If you were thrust into a Christian school like I was (or aren’t living under a rock) you may have once or twice heard the story about Mary and Joseph who couldn’t rub two pennies together (but needed a place to sprout their special sprog) so some dude let them hang out in his barn. Back then, barns didn’t have cribs like they do today, so after Jesus was born and the midwife, the doula, the doctor and his team of nurses delivered the baby, smacked his bum, cut his umbilical cord, cleaned him up and gave the new parents a copy of The Healthy Baby Meal Planner, they placed him into a manger – like in the pictures below. Pretty awesome for an introduction to a life of farming (one wonders why carpentry was the chosen profession for the wee baby, perhaps the barn wasn’t built well and he thought he’d have none of that should he need a baby-birthing-barn at some point, but that’s neither here nor there).
A little research (thanks to Wikipedia) shows a manger, or trough, is a structure used to hold food to feed animals. The word manger originally referred to a feed-trough, but it may also be used to refer to a water-trough when this is not being used possibly because it is similar to an abreuvoir.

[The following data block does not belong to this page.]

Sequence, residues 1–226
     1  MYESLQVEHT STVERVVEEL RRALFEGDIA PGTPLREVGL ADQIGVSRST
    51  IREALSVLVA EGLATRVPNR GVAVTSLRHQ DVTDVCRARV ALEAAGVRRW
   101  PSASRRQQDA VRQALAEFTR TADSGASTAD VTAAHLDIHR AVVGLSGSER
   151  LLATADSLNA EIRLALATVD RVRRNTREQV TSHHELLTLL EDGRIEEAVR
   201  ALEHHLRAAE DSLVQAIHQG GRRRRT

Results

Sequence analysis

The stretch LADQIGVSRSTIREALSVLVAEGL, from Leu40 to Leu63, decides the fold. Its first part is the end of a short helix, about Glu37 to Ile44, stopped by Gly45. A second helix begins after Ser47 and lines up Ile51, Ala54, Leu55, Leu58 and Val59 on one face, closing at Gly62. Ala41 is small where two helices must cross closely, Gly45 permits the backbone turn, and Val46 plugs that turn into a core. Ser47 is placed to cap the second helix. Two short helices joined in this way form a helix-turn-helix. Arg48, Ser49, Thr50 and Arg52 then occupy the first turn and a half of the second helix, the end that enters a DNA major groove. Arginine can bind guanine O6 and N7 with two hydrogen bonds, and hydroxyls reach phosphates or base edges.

In other words, mangers look more like these things:
So it seems that people are confused as to what mangers actually look like. That’s okay. We’re a far way away from Jerusalem and wise men, so I’ll forgive us for this one. What’s really exciting, though, is that no matter what we’ve perceived mangers to be in the past, their future is bright, and they’ve come a long way since the days of only feeding cows or housing babies.
No more are they pure vessels to hold feed or water for livestock. No, my friends, they’ve progressed to ends you wouldn’t believe. How? Well, they now have jobs. Real jobs! And thanks to the wonderful world of LinkedIn, these previously disengaged, unconnected mangers now have a voice. A real voice. And they’re sharing their experiences and work titles proudly online, because goddammit, that’s their right after all, isn’t it!? There are Account Mangers, Product Mangers, Change & Configuration Mangers, heck, even just a simple but proud, solitary Manger. It’s just… so… inspiring!
In a show of solidarity with my friends the mangers (who I someday want to be), here are just a few of thousands that I’ve found on LinkedIn, trying to make a difference for mangers across the world. This is only a handful, a drop in the bucket of the brave manger-folk who decided to step out of the barn, away from the stables, and make something of themselves. My eyes are welling up as I type this, it’s just too beautiful. Out of respect, and for fear of all you readers bombarding them with emails of affection and courageous “You can do it!” motivationals, I’ve decided to keep their identities hidden, but their Manger titles left intact in all their rewarding and heart-warming glory, as they should be.
God bless the Manger…